Answer: D


fcp show initiator [ -v ] [ adapter ]

If no adapter name is given, information about all initiators connected to all adapters are shown.

The command displays the portname of initiators that are currently logged in with the Fibre Channel target adapters. If the portname is in an initiator group setup through the igroup command, then the group name is also displayed. Similarly, all aliases set with the fcp wwpn-alias command for the portname are displayed as well.

If the -v flag is given, the command displays the Fibre Channel host address and the nodename/portname of the initiators as well.

Question: 13

In a Fiber Channel configuration, the host’s HBA is referred to as the ___________, and the storage system’s HBA to as the _____________.

A. Target, initiator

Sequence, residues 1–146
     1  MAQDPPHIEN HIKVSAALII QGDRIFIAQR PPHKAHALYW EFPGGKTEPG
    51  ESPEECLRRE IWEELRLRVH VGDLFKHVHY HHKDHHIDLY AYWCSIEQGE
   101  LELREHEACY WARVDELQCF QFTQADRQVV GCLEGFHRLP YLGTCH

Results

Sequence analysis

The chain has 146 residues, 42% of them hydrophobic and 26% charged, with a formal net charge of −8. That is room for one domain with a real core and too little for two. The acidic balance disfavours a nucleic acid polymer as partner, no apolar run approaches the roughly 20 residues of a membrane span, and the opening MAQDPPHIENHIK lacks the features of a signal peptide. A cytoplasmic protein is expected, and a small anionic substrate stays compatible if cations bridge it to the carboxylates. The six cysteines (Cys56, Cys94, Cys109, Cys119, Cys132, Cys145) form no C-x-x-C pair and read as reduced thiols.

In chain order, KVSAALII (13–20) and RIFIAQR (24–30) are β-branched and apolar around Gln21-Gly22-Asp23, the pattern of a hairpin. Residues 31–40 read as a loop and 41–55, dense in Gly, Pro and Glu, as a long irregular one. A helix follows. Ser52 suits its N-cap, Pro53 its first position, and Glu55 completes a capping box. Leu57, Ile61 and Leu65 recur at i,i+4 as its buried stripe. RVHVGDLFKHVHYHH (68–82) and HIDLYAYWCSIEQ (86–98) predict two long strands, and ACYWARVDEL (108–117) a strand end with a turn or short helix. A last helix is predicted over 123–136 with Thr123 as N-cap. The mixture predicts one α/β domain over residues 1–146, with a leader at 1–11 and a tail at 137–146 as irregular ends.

B. Primary, secondary

C. Initiator, target

D. Secondary, primary

Answer: C

Question: 14

Which action will cause a currently in-sync SnapMirror relationship to fail out of sync?

A. Running snapmirroe update on the source storage system.

B. Running snapmirror release on the source storage system.

C. Modifying the /etc/snapmirror.conf file for the relationship on the source storage system

D. Modifying the /etc/snapmirror.conf file for the relationship on the destination storage system.

Answer: D


snapmirror update [ -S source ] [ -k kilobytes ] [ -s src_snap ] [ -c

create_dest_snap ] [ -w ] destination

For asynchronous mirrors, an update is immediately started from the source to the destination to update the mirror with the contents of the source.

For synchronous mirrors, a snapshot is created on the source volume which becomes visible to clients of the destination volume.

The snapmirror update command must be issued on the destination filer.

snapmirror release